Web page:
Posts tagged Endurance Training
The Training Effect

Every sound training plan should be like building blocks. Each activity in succession should build on the one before and have specific purpose. This week I thought some explanation of what the “training effect” is would be interesting to everyone. 
Currently we at Running Niche have about 20 athletes on the Lydiard Method training getting ready for target races in April and May. They have concluded their Aerobic Base Building phase which started last November and early December and most have just finished their strength building phase by integrating hill training for several week. This phase prepares the gluts, legs etc to handle more intense efforts which comes in the next phase. Now they are moving into Phase 3, which is the Anaerobic Development phase. More on what this phase is about next week.
First its important to understand the “training effect” or the principle of training adaptation. A training effect is realized once an appropriate workload is applied and appropriate recovery allowed. When you tax your body with a hard effort if you don’t allow it to recover, the next hard workout you do will only break you down and eventually lead to sickness and injury. If you allow your body to recover properly then you start you next hard effort workout at a higher level of fitness and will be able to stress your body at a higher level. Each one builds on the prior to increase your fitness. 
This above diagram depicts this concept of continuous improvement due to the training effect. Catabolism refers to the training stress applied such as endurance work or lactic acid tolerance workload. Anabolism refers to workouts which allow recovery such as easy aerobic runs. The single most common mistake runners make is running another hard workout before they have recovered from their prior one. If you follow this principle regardless of the training phase you are in, you will get more out of your time and effort put into training. This concept becomes particularly important during the Anaerobic phase of the Lydiard Method where you begin to train your body to get used to the very uncomfortable state of oxygen deficit.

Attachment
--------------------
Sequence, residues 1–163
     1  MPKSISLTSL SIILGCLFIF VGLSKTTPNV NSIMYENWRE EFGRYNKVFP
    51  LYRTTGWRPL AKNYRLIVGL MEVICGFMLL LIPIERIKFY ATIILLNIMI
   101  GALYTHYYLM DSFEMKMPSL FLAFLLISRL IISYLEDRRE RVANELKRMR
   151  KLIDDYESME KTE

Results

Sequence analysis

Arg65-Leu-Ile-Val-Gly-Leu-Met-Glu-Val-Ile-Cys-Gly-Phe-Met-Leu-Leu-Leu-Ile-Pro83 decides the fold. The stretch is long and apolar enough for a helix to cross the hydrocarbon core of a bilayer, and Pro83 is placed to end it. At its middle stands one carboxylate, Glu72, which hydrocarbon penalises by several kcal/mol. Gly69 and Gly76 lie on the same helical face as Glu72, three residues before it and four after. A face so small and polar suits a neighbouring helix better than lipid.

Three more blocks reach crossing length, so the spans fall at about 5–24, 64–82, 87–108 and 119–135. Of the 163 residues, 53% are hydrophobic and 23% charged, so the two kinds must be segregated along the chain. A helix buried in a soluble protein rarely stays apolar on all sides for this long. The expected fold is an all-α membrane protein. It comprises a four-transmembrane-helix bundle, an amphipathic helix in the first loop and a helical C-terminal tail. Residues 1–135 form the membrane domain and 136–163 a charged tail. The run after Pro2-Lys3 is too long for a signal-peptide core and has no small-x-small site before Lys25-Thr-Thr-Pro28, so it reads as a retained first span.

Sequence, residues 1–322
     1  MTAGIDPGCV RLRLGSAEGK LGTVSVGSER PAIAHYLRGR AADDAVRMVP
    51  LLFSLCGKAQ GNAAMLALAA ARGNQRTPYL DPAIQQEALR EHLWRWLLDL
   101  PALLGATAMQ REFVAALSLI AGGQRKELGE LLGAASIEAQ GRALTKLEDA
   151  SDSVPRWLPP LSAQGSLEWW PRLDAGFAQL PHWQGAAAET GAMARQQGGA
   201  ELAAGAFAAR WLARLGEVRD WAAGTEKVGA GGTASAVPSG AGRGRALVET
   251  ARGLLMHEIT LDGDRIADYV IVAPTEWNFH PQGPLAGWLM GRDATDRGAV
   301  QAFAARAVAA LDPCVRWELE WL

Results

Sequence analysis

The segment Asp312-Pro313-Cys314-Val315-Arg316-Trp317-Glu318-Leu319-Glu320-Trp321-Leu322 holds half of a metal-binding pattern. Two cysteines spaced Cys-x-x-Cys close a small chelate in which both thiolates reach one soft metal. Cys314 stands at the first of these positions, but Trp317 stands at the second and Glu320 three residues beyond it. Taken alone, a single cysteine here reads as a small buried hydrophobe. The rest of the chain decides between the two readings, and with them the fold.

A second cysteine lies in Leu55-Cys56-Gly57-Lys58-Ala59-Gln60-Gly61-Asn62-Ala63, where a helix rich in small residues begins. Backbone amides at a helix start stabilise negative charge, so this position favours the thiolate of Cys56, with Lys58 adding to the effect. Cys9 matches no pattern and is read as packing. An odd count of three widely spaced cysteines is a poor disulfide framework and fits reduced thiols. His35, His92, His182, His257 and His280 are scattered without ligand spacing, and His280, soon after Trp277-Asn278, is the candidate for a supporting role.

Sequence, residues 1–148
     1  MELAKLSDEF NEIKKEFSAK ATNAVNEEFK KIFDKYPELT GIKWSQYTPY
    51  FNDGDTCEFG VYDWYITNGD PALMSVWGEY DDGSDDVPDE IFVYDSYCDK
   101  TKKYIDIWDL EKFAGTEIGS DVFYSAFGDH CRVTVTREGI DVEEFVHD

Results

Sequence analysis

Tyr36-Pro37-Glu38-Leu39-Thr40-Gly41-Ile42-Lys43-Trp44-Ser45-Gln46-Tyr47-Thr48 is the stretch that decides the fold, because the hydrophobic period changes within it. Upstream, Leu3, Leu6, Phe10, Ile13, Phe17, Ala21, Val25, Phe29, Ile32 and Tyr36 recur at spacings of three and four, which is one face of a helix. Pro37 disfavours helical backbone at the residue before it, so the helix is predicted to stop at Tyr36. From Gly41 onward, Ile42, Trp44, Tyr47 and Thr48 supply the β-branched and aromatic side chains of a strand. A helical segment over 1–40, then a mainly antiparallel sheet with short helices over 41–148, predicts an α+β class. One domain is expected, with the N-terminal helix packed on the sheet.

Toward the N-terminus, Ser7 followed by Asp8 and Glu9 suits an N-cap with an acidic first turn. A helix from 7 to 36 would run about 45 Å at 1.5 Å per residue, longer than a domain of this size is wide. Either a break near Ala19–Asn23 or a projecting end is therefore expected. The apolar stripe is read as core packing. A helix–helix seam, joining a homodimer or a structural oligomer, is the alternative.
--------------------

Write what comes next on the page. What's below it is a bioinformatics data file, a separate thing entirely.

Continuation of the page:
Remember, all workouts on the Lydiard Method have a specific purpose and are sequenced accordingly to maximize the “training effect”. If you would like to learn more about the science and performance-based Lydiard Method, stop by the store. We are always happy to talk about your running!

Bob Dyer (Co-owner, Running Niche)
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Don't Run Hard Until You Can Run Easy

It’s been VERY cold here in St. Louis. On these tough cold days, you just can't go very fast. So, you go very easy. Arthur Lydiard used to say; "We all know our limitations. You keep within your limitations and you will improve..." And you WILL improve.

Those of you who might be thinking: "Wow, my Aerobic run pace on this Lydiard Plan through the Running Wizard seems so slow! How can I expect to run my target race at the target race pace?"

Your pace will naturally quicken without extra effort. Trust the program and keep it to the prescribed effort/pace especially when the weather is harsh. This is the time to grow your “roots” underground.

Also remember that each workout has a purpose in the Lydiard Method. In the case of your long Aerobic runs the purpose is developing endurance and efficiency of oxygen utilization at the cellular level. You should easily be able to pass the “talk test” on these runs, its not about pace but time on your feet.

Additionally, on the Lydiard plan, the day prior to your long Aerobic run, typically a Saturday, the workout is shorter but faster, usually a “out and back” at distances of 3-10 miles depending on your target race distance. This run is done at a faster pace overall, but focusing on running comfortably at this faster pace and coming back in your second half of the workout about 10% faster. Then of course Sunday is your long Aerobic recovery run.

Remember, all workouts on the Lydiard Method have a specific purpose and are sequenced accordingly to maximize the “training effect”. More on this one next week. Stop by to talk training anytime!